Amnesty International Applauds Conviction of Former Officials in Bolivia Massacre

Press Release
August 31, 2011

Amnesty International Applauds Conviction of Former Officials in Bolivia Massacre

Contact: Wende Gozan Brown, 212-633-4247, wgozan@aiusa.org

(New York) -- The conviction of seven high-ranking former officials in Bolivia for their role in dozens of deaths during anti-government protests in 2003 is an important step for justice, Amnesty International said today.

Bolivia's Supreme Court in Sucre yesterday sentenced five former senior military officers and two former ministers for their part in the events known as "Black October," which left 67 people dead and more than 400 injured during protests in El Alto, near La Paz, in late 2003.

The clashes included soldiers opening fire on unarmed crowds during demonstrations sparked by opposition to a proposed pipeline to export natural gas through neighboring Chile.

"These convictions are an important victory for the families of those killed and injured who have waited nearly eight years to see justice delivered after the tragic events know as  'Black October,'" said Guadalupe Marengo, deputy Americas program director at Amnesty International.

The five military officers have received prison sentences ranging from 10 to 15 years, while the two former ministers were sentenced to three years.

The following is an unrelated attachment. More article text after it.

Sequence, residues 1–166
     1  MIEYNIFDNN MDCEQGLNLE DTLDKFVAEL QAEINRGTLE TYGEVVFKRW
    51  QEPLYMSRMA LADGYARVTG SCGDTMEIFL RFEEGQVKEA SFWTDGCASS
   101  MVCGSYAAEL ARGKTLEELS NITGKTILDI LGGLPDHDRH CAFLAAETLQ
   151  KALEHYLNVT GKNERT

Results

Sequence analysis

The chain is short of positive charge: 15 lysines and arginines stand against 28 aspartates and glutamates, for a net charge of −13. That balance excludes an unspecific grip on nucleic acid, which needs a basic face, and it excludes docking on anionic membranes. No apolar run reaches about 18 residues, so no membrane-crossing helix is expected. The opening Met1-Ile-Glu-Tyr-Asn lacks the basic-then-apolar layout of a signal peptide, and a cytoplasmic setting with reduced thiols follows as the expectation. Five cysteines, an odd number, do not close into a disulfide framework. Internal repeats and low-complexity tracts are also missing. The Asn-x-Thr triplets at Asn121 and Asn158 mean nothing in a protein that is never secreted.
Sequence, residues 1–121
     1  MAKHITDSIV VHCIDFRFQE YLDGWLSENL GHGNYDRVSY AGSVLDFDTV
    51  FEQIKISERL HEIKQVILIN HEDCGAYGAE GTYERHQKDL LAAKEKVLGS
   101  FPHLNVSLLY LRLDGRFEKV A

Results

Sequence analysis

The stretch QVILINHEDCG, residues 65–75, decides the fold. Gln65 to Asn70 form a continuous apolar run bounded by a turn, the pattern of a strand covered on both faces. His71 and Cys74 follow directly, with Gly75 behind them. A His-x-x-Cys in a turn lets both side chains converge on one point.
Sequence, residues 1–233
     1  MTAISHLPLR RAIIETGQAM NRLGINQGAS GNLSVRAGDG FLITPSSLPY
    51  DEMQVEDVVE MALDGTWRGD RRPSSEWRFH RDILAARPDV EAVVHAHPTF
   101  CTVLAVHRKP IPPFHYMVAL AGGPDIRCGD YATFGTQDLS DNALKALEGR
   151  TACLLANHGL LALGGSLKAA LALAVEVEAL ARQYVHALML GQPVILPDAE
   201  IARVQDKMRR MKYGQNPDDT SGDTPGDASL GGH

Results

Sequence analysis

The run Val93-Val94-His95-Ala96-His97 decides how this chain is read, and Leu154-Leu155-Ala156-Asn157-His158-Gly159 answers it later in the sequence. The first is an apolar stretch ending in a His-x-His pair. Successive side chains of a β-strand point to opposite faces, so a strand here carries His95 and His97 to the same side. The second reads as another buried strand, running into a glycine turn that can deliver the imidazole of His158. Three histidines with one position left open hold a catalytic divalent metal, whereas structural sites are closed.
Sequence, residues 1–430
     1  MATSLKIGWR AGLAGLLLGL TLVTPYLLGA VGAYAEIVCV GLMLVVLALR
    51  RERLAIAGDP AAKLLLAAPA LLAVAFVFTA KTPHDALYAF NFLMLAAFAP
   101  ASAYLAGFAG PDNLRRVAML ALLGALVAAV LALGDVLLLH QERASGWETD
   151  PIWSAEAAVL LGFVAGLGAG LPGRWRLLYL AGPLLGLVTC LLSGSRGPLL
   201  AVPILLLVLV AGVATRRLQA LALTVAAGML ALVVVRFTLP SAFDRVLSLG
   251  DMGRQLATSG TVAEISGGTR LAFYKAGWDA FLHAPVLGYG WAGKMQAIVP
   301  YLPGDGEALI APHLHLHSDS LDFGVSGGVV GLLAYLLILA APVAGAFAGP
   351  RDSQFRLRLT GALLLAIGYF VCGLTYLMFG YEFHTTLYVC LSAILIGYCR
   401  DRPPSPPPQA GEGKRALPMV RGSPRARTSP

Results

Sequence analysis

Former President Gonzálo Sánchez de Lozada and former ministers Carlos Sánchez Berzaín and Jorge Berindoague fled to the United States soon after the "Black October" violence and are facing extradition. Several other former ministers and military officers fled the country when the charges were made public in November 2008.

Serious obstacles hindered the case, including the failure of the military to hand over relevant information and a lack of sufficient resources to allow many witnesses and victims to attend court in Sucre, a long way from El Alto.

"We hope that this ruling sets a positive precedent for the pursuit of lasting and impartial justice in other human rights cases in Bolivia," said Marengo.

Amnesty International is a Nobel Peace Prize-winning grassroots activist organization with more than 3 million supporters, activists and volunteers in more than 150 countries campaigning for human rights worldwide. The organization investigates and exposes abuses, educates and mobilizes the public, and works to protect people wherever justice, freedom, truth and dignity are denied.

For more information visit www.amnestyusa.org.

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